Multiple layers of sensors detect incoming fighter strikes. Amongst the most reliable, surprisingly, is a chain of “mobile observation posts” (MOPs) all along the border – each one a single human with a radio set, trained to identify and report enemy aircraft flying across the border.
Behind the MOPs, a chain of surveillance radars looks into enemy airspace to detect aircraft activity. Looking even deeper are “Airborne Early Warning Command and Control (AEWC&C) systems, like the IAF’s three Phalcon systems, mounted on Russian IL-76 transport aircraft. From on high, where the earth’s curvature does not obscure visibility, they detect even low-flying aircraft at ranges of 400 kilometres and direct IAF fighters precisely onto them.
All these air defence elements are networked through data and voice communication channels to an autonomous “integrated air command and control system” (IACCS), which also links with civilian air traffic control radars.
🔴 S-400 SYSTEM
The S-400 is designed as a stand-alone system, with its own radar, missiles, logistics and data networks. Therefore, each S-400 unit will provide an extra layer of protection to pre-designated high-value targets – e.g. the national capital, or Bhabha Atomic Research Centre.
However, the S-400 units will not operate autonomously, but will be quickly plugged into the IACCS. This will enhance surveillance and strike capabilities and also cross-verification of inputs across the system.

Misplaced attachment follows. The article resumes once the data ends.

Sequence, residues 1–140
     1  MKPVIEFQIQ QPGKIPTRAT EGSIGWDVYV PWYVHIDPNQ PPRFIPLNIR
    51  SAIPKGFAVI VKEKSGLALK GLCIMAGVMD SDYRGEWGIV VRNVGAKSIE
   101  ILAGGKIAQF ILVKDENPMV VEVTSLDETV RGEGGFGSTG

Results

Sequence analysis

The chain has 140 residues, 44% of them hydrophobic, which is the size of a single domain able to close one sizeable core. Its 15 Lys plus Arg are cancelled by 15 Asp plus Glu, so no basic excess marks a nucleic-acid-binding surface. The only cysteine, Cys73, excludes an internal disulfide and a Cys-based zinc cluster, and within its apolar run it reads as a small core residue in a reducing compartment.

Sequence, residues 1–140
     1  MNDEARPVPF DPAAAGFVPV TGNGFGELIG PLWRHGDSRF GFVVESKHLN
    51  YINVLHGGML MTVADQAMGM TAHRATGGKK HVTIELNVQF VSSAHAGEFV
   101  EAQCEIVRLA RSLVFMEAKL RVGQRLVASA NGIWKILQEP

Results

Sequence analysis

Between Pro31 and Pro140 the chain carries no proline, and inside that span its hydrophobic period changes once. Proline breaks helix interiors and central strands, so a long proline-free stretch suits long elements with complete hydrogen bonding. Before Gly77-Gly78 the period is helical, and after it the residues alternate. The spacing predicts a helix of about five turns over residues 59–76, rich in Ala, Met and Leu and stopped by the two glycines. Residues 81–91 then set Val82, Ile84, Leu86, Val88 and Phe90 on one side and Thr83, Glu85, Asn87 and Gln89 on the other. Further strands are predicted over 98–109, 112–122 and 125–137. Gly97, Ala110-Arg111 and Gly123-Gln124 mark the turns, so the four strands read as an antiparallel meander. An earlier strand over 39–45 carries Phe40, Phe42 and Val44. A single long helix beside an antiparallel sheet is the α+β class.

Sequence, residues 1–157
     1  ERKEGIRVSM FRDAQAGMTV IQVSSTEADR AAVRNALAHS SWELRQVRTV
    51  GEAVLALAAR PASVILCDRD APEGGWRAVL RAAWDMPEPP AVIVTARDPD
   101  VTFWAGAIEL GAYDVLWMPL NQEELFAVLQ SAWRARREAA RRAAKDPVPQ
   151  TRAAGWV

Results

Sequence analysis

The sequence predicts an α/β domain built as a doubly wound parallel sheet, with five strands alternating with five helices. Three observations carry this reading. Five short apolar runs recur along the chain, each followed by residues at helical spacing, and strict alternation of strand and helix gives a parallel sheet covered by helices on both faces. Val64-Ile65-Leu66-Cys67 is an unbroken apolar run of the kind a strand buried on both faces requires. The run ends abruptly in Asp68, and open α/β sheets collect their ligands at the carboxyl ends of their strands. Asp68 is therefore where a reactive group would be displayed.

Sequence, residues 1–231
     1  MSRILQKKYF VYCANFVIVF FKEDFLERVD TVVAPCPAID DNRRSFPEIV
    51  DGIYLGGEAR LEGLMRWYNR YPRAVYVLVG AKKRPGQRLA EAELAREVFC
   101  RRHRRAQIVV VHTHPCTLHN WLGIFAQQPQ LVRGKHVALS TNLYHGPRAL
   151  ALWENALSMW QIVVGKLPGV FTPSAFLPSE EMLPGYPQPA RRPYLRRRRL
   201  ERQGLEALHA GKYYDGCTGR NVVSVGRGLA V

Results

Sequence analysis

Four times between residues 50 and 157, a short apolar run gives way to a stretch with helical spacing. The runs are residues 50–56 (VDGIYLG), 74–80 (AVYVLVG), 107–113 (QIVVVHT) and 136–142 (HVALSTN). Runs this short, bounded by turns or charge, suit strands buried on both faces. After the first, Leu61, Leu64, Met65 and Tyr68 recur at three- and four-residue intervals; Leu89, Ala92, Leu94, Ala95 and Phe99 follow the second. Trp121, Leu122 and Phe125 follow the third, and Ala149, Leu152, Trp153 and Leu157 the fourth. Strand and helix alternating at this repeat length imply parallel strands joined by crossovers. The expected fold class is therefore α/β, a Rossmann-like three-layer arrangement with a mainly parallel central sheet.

“We are old hands at networking systems from diverse sources, enabling them to inter-operate. We have done it with our AEWC&C system. On board our warships, weapons and sensors from many different countries operate seamlessly. The S-400 will fit smoothly into the IACCS,” says a senior IAF air marshal.
Each S-400 unit consists of a 91N6E Big Bird acquisition radar that detects targets, and a 55K6E command post that autonomously makes decisions relating to engagement. It would allocate each target to one of six 98Zh6E fire units, each having twelve “transporter-erector-launchers” (TELs), with four missiles on each TEL. Once a missile is launched, the fire unit’s 92N6E Grave Stone multimode engagement radar guides it to the target. Finally, each S-400 fire unit has a 30TS6E logistical support system with missile storage, test and maintenance equipment.
The entire S-400 unit is highly mobile, being carried by all-terrain, wheeled vehicles with autonomous power supply, navigation and geo-location systems, communications and life support equipment. Given that, it is ideally suited for safeguarding the mechanised units in army strike corps from enemy air attacks.
With the US trying to wean India’s military away from Russian equipment, media reports have speculated that Washington offered India its Theatre High Altitude Air Defence System (THAADS) as an alternative to the S-400. However, the THAADS is primarily an anti-ballistic missile system, whereas the S-400 is optimised as an anti-aircraft system.
(By : Ajai Shukla/Business-Standard)
(Image : S-400 missile systems/Reuters)